Old Gray Cemetery is a 13.47 acre site bounded by Broadway, Tyson and Cooper streets, with Broadway it’s primary access. The Knoxville National Cemetery is adjacent to Old Gray Cemetery on its northern boundary. Gray Cemetery (as it was known before New Gray Cemetery was established in 1892) was incorporated by the Tennessee Legislature on February 9, 1850. The cemetery is named in honor of Thomas Gray (1716-1771), the English poet who wrote “Elegy Written in a Country Church Yard”. After considering a great number of names ending in “vale”, “dale” or “wood” or commencing with “mount”, the name Gray was suggested by Mrs. Henrietta Brown Reese, wife of Judge William B. Reese, the first president of the cemetery board of trustees.
Old Gray Cemetery now supports a wide variety of trees and natural vegetation. Although originally sparsely populated with trees, the cemetery now contains many stately oaks, dogwoods, and maples. This has changed the cemetery landscape from an open pasture to a wooded garden over the years. The design of the cemetery follows the natural topography of the landscape and the roads leading through the cemetery follow the natural slopes and rises of the terrain. An avenue runs from the entrance on Broadway (originally Broad Street) to the fence running along Cooper Street (originally Jacksboro Road). Connected to this avenue are smaller curved roads. The cemetery roads were first laid out so that each grave site was located on a carriage path or walkway; the cemetery board eventually elected to remove many of the carriage paths and walkways in order to provide additional plots for the cemetery. Cemetery roads are now surfaced.
The “Receiving Vault” was built in 1885 and the same year water from the city water works was brought to the cemetery. In 1889 it was decided that the Circle in the cemetery be laid off into lots reserving, however, a small plot of the center of the Circle. In 1890 A. J. Albers had a large bronzed iron fountain twenty feet high and weighing four tons erected in the center of the Circle in memory of his wife. It was called the “Ella Albers Memorial Fountain”. This early focal point in the cemetery has since been removed due to rust and maintenance repairs.
Two significant monuments are the Horne and Shepard monuments. The Horne monument (Lot 902) with its almost life-sized sculpture of a Confederate soldier marks the graves of two Confederate veterans, William Asbury Horne (1845-1891), an assistant quartermaster with the 42nd Georgia Infantry, and John Fletcher Horne (1843-1906), who was a sergeant with the Kain’s Battery Tennessee Light Artillery. The Shepard monument (Lot 255) is the only white bronze monument in Old Gray. It marks the graves of Lazarus C. Shepard (1816-1902) and his wife Emily T. Shepard (1814-1882). L. C. Shepard was Knoxville’s first embalmer and many local residents report that this hollow monument served as a drop-off point for bootleg liquor.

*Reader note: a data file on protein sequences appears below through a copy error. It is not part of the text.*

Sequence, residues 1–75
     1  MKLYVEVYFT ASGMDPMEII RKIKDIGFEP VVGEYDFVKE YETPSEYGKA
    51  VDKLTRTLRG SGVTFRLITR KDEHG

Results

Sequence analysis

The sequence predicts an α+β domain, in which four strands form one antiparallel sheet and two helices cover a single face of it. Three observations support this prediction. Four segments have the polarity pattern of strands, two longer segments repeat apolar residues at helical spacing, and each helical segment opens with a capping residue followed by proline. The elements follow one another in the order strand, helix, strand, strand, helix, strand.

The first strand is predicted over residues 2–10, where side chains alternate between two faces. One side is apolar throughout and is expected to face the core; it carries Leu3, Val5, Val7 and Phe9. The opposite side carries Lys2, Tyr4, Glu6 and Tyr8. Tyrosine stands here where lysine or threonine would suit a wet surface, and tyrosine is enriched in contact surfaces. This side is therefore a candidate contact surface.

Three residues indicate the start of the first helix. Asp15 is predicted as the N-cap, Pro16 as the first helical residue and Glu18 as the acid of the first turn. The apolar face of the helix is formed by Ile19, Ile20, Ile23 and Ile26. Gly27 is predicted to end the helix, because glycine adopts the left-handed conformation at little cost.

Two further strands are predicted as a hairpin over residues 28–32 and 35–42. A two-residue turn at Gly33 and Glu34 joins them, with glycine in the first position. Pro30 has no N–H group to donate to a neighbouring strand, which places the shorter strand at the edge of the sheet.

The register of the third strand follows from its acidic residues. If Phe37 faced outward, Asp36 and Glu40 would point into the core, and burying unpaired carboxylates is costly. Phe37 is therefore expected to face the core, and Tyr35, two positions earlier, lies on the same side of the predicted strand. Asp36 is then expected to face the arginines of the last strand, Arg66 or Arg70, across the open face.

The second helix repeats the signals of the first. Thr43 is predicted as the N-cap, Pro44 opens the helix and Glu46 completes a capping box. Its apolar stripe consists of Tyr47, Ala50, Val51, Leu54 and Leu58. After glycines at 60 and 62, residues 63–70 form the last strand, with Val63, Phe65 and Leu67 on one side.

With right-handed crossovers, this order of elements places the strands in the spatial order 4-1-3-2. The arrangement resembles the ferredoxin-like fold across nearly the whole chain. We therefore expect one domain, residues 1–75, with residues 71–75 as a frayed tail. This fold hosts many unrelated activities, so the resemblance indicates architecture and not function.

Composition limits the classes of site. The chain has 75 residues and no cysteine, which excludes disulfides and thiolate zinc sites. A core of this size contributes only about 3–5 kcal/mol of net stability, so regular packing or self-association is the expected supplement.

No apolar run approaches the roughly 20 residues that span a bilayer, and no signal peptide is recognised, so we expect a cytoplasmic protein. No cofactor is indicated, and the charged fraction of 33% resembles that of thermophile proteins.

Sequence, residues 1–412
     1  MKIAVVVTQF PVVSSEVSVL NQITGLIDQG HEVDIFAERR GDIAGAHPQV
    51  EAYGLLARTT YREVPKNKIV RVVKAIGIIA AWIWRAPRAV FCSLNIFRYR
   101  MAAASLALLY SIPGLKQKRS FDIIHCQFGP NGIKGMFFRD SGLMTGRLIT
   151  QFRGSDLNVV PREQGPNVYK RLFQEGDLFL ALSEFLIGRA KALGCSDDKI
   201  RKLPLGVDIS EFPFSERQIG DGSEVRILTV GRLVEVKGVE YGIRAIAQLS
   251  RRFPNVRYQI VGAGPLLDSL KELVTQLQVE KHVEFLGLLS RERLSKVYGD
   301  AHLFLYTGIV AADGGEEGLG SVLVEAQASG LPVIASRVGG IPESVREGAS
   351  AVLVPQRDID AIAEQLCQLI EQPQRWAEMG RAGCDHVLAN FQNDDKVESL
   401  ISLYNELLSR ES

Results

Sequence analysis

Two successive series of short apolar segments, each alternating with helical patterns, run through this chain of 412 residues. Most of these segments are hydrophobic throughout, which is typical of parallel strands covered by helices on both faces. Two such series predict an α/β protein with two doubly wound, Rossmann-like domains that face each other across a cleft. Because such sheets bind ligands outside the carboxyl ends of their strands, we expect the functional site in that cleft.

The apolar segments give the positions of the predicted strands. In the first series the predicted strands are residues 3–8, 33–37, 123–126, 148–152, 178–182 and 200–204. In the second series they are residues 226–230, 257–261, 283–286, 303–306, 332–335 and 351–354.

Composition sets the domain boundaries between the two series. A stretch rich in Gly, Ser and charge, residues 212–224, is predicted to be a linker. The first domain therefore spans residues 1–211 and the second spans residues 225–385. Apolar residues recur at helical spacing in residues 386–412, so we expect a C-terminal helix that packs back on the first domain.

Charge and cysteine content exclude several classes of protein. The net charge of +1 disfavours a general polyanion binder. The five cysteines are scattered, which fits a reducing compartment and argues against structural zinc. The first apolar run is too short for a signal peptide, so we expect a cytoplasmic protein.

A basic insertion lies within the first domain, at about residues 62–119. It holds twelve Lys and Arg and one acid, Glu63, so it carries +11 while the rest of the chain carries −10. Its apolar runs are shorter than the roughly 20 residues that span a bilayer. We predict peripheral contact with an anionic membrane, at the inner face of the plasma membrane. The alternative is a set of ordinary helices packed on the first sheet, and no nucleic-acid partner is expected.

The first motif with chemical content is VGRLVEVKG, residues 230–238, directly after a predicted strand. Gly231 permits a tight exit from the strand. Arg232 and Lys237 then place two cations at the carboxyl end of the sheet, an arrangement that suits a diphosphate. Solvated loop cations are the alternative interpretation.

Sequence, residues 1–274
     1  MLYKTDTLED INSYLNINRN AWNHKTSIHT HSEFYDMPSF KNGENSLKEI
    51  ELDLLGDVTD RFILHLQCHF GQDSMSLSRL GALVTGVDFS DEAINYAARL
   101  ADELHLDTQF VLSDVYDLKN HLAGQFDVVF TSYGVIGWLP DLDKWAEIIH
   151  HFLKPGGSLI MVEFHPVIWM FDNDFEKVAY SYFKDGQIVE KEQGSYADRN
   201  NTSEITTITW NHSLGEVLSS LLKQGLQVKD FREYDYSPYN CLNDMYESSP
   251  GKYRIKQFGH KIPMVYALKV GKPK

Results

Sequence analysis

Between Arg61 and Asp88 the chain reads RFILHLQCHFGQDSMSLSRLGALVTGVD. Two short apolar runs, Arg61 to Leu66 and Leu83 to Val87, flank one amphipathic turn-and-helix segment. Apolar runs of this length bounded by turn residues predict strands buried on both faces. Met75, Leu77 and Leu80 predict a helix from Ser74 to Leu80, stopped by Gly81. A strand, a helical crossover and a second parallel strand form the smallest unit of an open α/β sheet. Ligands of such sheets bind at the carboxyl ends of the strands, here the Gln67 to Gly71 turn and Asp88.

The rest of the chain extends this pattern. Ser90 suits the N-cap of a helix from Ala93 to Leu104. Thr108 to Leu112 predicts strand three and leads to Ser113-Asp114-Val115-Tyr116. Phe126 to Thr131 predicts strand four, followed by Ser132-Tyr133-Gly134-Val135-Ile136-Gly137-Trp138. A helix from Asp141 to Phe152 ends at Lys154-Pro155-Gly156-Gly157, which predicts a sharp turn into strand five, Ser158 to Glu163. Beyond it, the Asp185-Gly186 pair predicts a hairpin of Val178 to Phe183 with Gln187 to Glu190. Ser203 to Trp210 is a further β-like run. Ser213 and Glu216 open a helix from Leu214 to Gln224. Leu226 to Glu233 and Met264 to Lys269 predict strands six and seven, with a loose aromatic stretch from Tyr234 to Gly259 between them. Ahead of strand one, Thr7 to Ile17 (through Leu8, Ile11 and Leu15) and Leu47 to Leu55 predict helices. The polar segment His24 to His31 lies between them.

In 1897 the “Porter’s Lodge“, a modern marble lodge of most attractive appearance, was built from plans obtained from an architect of this city. It is constructed of Tennessee marble and is a one story building, rectangular in plan. The roof is a bell cast hip roof covered with slate shingles of blue and green.
The entrance posts, constructed in 1902 following plans and specifications of Producers Marble Company of Knoxville for $650, are square and made of smooth faced marble in a dressed faced ashlar design. The main gate is made of wrought iron and has a diagonal bracing for support.
The current fencing protecting the eastern part of the cemetery from traffic on Broadway is constructed of iron. The north and south walls are made of stone. The west wall of five foot high concrete was built in 1907. The oldest fence in the cemetery is on the east side along Tyson Street (originally Holston street). It was built in April 1890 by F. M Arthur and Co. for 94 cents per foot.
The monuments in Old Gray Cemetery reflect the Victorian era during which they were installed. Although there are some rectangular stone markers, the first impression of the cemetery is of the elaborately shaped and carved monuments. Burial records indicate that approximately 5,700 burials have been made in Old Gray Cemetery since it was founded.
Photo Gallery Link: Old Gray Cemetery